A painting attributed to Vincent van Gogh, discovered earlier this year and given to the Van Gogh Huis in Drenthe, appears not to have been made by the world-famous painter after all.
Translation by Hans de Preter
The painting, “Cafe Interior”, which was painted in the same colour scheme and brush stroke style as the famed Dutch artist Vincent van Gogh, included a signature with the name “Vincent”. The piece was found in an inheritance of a 92-year-old woman from The Hague, and RTV Drenthe reports that the painting was given to the Van Gogh Huis in Nieuw-Amsterdam in Drenthe earlier this year.
The small museum had the painting evaluated to determine its authenticity by the research department of the Van Gogh Museum in Amsterdam, which ultimately concluded that “Café Interior” was not a genuine Van Gogh painting.
Despite the disappointing outcome, the work will still have a place in the museum. Gerrit Lambers, the chair of the Van Gogh Huis, told RTV Drenthe, “The visitor is taken into the search to confirm the authenticity of a painting by one of the greatest Dutch painters.”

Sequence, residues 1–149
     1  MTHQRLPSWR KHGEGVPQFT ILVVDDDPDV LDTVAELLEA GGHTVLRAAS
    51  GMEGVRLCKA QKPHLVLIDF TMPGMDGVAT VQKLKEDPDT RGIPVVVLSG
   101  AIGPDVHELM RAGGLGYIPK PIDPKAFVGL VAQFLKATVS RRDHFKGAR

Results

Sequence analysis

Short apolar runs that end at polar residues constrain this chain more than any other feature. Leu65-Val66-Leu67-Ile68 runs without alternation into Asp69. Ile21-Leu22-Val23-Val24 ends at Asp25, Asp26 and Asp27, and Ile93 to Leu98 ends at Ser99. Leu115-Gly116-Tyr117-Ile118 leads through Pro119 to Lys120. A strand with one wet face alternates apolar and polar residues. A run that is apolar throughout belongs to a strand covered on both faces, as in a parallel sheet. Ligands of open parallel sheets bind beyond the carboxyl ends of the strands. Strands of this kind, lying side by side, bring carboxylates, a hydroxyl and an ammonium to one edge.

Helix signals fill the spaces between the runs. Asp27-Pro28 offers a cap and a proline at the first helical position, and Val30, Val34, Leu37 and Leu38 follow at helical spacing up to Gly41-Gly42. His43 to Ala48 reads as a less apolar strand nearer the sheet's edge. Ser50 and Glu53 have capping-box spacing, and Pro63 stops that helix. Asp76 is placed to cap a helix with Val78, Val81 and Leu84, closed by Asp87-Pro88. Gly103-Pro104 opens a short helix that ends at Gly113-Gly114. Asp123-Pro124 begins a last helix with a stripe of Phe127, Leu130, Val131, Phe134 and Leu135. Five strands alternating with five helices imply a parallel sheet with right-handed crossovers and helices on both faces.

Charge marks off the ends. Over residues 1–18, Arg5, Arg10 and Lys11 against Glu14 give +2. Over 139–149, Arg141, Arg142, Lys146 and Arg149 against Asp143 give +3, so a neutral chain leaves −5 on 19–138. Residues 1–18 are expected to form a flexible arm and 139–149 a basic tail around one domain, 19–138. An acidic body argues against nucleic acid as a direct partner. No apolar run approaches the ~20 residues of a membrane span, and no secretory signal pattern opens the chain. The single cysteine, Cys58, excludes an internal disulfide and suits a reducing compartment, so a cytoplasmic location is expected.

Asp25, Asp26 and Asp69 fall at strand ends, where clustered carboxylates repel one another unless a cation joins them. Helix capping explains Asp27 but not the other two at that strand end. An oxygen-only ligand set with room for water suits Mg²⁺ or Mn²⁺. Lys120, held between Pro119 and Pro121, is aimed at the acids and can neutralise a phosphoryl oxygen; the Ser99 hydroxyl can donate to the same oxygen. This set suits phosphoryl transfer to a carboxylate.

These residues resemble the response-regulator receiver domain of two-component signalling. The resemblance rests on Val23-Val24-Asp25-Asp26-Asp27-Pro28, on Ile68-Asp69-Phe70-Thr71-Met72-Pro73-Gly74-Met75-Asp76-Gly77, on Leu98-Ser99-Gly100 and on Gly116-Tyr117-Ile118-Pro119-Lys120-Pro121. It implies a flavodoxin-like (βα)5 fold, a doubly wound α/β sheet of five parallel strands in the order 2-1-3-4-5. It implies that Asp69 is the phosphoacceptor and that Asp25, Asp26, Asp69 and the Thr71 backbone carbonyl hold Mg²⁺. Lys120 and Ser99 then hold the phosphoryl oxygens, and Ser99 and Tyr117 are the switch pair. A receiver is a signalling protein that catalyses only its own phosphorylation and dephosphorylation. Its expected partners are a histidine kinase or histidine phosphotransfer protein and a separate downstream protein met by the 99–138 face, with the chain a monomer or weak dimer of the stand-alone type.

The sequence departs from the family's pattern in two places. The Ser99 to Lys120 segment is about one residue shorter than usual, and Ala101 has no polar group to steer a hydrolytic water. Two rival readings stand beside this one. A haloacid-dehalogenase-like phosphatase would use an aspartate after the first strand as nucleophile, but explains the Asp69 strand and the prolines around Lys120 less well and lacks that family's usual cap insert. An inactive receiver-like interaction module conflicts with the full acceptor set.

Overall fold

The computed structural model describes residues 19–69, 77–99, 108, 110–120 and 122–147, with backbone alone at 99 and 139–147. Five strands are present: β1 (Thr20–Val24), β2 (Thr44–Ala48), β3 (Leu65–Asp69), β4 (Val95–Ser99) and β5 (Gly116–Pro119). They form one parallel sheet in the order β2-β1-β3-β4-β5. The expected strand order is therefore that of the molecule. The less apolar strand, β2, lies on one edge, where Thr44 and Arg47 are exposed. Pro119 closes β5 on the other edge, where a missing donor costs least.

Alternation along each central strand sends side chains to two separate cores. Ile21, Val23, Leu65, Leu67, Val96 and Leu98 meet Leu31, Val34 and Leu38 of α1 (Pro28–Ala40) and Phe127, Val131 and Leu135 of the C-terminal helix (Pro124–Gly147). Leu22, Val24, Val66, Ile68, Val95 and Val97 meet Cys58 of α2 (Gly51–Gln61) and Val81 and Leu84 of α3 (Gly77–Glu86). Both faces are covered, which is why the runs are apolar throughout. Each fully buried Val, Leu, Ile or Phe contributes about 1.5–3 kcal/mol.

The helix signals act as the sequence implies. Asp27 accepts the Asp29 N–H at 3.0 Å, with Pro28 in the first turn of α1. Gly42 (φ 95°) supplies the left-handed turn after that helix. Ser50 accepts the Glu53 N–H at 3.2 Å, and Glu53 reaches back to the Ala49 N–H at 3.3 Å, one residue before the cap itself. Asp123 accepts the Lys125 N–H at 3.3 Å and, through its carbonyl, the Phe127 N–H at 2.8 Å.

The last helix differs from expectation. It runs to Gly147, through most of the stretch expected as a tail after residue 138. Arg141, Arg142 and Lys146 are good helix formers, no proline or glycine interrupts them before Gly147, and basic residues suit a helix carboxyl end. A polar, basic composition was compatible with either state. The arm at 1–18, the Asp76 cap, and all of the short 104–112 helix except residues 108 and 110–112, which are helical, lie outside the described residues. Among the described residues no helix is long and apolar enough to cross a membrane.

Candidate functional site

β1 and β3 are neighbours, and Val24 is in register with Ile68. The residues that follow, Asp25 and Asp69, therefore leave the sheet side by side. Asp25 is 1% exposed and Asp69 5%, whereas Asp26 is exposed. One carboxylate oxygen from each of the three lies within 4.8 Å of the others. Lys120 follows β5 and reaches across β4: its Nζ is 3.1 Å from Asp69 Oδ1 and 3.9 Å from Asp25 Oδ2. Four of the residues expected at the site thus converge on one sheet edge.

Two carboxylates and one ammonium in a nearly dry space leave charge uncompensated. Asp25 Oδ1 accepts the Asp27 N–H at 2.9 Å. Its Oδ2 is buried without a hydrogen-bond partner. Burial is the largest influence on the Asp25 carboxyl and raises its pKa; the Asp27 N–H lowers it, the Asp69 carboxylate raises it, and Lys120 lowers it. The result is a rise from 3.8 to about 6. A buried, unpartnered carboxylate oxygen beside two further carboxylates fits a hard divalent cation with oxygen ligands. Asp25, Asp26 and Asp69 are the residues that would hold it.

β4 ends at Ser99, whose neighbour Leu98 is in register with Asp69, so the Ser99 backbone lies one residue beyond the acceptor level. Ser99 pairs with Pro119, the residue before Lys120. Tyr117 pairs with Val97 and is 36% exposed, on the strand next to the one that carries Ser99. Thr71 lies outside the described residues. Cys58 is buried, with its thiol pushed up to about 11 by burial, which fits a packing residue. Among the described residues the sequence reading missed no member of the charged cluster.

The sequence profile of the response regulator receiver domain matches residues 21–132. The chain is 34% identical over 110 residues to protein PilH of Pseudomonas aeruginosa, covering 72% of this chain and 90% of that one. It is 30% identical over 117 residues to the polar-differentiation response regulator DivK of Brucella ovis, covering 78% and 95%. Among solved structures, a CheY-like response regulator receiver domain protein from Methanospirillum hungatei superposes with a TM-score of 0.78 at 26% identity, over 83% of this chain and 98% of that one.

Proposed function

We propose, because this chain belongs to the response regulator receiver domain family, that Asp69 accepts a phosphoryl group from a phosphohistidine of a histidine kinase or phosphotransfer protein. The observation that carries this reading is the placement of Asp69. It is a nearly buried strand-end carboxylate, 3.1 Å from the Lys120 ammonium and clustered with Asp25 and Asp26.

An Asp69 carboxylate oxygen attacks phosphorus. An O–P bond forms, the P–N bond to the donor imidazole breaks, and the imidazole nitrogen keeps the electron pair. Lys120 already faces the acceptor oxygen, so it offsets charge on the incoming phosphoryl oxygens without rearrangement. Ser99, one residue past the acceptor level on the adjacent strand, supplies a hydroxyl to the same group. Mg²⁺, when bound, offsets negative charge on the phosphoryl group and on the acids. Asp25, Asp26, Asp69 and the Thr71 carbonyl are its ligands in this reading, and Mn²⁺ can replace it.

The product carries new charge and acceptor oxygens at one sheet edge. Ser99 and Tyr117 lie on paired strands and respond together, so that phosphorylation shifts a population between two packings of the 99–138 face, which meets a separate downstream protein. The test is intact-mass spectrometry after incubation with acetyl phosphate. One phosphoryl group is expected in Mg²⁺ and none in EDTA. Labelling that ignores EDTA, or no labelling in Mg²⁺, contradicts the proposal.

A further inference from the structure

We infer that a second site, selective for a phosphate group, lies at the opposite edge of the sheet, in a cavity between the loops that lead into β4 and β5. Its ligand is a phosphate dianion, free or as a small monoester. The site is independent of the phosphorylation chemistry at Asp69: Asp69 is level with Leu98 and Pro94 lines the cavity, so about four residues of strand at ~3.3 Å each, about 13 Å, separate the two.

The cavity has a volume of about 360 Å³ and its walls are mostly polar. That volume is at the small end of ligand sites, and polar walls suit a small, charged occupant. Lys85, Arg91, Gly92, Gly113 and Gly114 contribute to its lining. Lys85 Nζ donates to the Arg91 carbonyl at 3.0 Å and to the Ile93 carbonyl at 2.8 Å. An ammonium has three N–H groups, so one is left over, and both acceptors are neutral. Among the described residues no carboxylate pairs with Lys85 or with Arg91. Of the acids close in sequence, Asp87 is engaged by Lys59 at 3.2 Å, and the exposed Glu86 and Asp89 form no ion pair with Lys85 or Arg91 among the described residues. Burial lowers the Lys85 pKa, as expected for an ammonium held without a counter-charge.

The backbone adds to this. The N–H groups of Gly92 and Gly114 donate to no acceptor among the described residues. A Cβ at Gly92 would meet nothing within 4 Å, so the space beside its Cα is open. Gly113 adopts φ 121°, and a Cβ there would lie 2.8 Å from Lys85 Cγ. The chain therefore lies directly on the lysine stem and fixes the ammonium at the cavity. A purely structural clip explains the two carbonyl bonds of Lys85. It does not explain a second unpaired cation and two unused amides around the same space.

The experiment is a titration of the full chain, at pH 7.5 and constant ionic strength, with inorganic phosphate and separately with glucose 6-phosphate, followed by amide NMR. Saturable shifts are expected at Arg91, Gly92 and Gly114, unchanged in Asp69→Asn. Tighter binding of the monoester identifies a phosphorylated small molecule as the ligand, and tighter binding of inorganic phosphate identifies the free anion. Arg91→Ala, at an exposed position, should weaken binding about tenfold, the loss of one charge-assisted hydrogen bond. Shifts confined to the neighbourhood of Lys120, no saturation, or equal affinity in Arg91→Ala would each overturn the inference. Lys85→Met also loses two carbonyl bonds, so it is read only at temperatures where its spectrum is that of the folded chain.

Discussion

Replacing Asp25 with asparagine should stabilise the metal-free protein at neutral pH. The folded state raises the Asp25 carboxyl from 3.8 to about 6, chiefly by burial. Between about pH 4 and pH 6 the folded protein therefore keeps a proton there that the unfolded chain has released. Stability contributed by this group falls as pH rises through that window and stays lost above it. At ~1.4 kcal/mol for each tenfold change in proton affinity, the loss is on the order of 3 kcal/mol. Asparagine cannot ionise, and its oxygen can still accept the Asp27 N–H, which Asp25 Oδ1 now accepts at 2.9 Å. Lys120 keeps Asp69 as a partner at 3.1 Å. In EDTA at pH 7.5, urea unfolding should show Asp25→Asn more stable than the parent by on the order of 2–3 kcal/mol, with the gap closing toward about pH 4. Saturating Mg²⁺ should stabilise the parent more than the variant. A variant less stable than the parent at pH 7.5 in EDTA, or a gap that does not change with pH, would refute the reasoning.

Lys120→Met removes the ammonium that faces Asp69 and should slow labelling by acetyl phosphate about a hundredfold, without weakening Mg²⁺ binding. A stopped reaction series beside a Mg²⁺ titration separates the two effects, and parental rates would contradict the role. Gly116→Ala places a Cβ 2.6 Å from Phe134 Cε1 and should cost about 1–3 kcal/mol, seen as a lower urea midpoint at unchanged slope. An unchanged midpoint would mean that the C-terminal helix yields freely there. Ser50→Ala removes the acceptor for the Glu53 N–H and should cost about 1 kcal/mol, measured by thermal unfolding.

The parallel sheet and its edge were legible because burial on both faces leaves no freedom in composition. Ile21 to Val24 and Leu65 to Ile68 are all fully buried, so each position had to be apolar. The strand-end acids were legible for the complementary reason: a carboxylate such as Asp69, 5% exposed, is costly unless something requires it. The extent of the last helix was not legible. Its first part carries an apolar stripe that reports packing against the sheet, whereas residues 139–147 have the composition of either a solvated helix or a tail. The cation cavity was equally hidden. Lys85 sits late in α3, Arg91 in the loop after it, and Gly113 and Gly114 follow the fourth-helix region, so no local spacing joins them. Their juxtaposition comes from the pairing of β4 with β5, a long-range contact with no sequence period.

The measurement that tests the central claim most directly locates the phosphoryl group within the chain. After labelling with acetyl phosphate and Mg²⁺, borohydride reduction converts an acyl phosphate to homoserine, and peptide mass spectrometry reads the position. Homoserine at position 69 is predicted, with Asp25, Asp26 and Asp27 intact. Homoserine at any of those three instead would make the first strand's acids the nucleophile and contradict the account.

While Van Gogh is best known for his paintings created while living in France and elsewhere in the Netherlands, the world famous artist also painted in Drenthe for several months in 1883. He depicted what he saw in the provincial towns of Hollandscheveld, Nieuw-Amsterdam, Aalden and Hoogeveen: men and women doing back-breaking work in peat bogs, fields and canals. According to letters sent to his beloved brother Theo, Vincent decided once and for all to become a painter during his time in Drenthe.
Van Gogh is not the only famed Dutch artist with connections to the north: M.C. Escher and Lawrence-Alma Tadema both hail from Friesland. Check out our story on Dutch art history in the north to learn more.